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updated: 6/13/2012 11:35 AM

Aurora sells Fred Rodgers Community Center to District 131

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  • The city of Aurora voted Tuesday night to sell the Fred Rodgers Community Center at 501 College Ave. in Aurora for $3 million to East Aurora District 131.

       The city of Aurora voted Tuesday night to sell the Fred Rodgers Community Center at 501 College Ave. in Aurora for $3 million to East Aurora District 131.
    PAUL MICHNA | Staff Photographer

  • Former Aurora youth activities director Fred Rodgers, seen here in 2009, is the namesake for the Fred Rodgers Community Center, soon to be sold to East Aurora District 131 for $3 million.

      Former Aurora youth activities director Fred Rodgers, seen here in 2009, is the namesake for the Fred Rodgers Community Center, soon to be sold to East Aurora District 131 for $3 million.
    Daily Herald File Photo

 
 

An East Aurora District 131 magnet program supporters lauded Tuesday for challenging gifted students will soon have space to expand in what is now the Fred Rodgers Community Center.

Aurora City Council voted 10-1 Tuesday night to sell the building to the district for $3 million to become the Fred Rodgers magnet school, continuing to honor the legacy of the former youth services director for which it is named but serving a different purpose.

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Buying the building and spending a total of $8 million to renovate it will allow the district to expand the magnet program and relieve overcrowding without paying $32 million to build a new school, Superintendent Jerome Roberts said.

"We think, at a $24 million savings to the taxpayers, that's a good use of taxpayers' money," Roberts said.

The price drew criticism and a no vote from Alderman Rick Lawrence, who said requiring the district to pay for the Fred Rodgers center takes money away from education.

"When I vote no on this -- it's not against the magnet school," Lawrence said. "I want to see that magnet school happen, but I cannot in good conscience take the money from the education fund and give it to this man (Mayor Tom Weisner) and how he spends money in this city."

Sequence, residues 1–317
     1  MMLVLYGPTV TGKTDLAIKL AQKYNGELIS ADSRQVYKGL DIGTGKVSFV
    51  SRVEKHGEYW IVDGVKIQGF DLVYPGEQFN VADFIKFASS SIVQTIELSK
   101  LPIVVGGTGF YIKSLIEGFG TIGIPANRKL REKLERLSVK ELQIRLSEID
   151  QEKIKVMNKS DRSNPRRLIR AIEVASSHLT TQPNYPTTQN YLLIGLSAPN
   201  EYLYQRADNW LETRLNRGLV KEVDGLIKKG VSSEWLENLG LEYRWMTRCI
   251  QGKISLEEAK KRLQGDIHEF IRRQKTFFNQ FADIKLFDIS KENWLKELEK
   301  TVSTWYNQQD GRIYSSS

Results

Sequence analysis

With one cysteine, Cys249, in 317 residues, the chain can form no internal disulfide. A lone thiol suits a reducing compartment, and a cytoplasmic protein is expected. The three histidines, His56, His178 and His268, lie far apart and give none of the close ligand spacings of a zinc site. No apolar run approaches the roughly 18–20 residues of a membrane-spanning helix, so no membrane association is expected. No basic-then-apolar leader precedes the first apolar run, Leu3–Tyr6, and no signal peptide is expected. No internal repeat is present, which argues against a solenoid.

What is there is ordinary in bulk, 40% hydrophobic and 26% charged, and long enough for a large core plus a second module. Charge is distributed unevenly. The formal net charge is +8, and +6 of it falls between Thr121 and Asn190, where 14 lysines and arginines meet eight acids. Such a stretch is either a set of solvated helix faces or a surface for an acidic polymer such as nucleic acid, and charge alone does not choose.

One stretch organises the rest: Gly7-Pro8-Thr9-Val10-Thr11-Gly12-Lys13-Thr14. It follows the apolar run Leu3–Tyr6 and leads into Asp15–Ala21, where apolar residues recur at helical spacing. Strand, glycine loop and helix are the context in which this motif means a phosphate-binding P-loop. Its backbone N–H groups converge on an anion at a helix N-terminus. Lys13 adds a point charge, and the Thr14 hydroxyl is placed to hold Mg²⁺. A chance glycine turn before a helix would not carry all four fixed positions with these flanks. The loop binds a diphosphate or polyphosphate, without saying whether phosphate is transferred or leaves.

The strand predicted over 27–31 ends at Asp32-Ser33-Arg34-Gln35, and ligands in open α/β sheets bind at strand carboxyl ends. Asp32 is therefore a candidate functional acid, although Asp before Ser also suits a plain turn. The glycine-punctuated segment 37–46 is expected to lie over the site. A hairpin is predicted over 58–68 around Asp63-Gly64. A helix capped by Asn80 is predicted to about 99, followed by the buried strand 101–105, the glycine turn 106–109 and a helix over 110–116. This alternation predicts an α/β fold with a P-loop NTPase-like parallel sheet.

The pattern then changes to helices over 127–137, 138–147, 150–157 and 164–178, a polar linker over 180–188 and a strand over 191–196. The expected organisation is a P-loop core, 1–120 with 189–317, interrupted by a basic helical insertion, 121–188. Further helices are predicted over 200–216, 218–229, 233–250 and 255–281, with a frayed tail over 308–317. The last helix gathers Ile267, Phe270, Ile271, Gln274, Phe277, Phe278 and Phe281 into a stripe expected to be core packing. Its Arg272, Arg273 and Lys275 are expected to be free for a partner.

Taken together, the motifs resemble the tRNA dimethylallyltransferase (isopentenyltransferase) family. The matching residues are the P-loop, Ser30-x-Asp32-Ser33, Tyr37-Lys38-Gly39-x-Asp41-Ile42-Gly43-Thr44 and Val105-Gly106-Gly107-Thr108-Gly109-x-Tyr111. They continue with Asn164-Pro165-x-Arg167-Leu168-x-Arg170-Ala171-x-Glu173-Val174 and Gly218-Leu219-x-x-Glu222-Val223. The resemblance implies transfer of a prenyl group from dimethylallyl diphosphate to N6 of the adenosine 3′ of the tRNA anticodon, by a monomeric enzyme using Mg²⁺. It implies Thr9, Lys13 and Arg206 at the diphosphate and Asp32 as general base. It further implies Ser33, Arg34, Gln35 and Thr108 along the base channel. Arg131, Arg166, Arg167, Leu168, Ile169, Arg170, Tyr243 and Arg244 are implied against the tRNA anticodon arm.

The district will use its general education fund to finance the purchase, but Alderman Richard Irvin and others said the money will be well spent.

"It sounds like East Aurora is spending this money on education. When you reduce class sizes, when you build a new school and provide for the best and brightest, that's education," Irvin said. "So this $3 million that we're talking about is absolutely going to education; its not misspent at all."

Students who attend the magnet program, which launched in 2007, said the money will help expand learning opportunities to more promising minds.

"Once I got into the magnet program, I valued school much more," said Luis Cepeda, who just finished his sophomore year at East Aurora High School.

Irvin and Weisner said Lawrence's idea of giving the building to the school district does not match reality. The $3 million price was negotiated between both parties and confirmed by an appraisal commissioned by the district, which found the building's value is equal to or exceeds $3 million.

Selling the Fred Rodgers center recoups some of the $7 million Aurora spent on rehabbing the former Aurora Central Catholic High School property since buying it in 1996.

Weisner said it also provides funds to buy the former Waubonsee Community College building downtown for use as a collaborative workforce development center involving four school districts.

The sale of the Fred Rodgers center will displace social service agencies renting space in the building, including the Aurora YWCA and Communities in Schools. Leaders of both agencies said they support the decision to once again use the building as a school.

"It makes total sense for this to go back to being a school," said Theresa Shoemaker, executive director of Communities in Schools. "East Aurora needs more space, so I think it works out perfectly."

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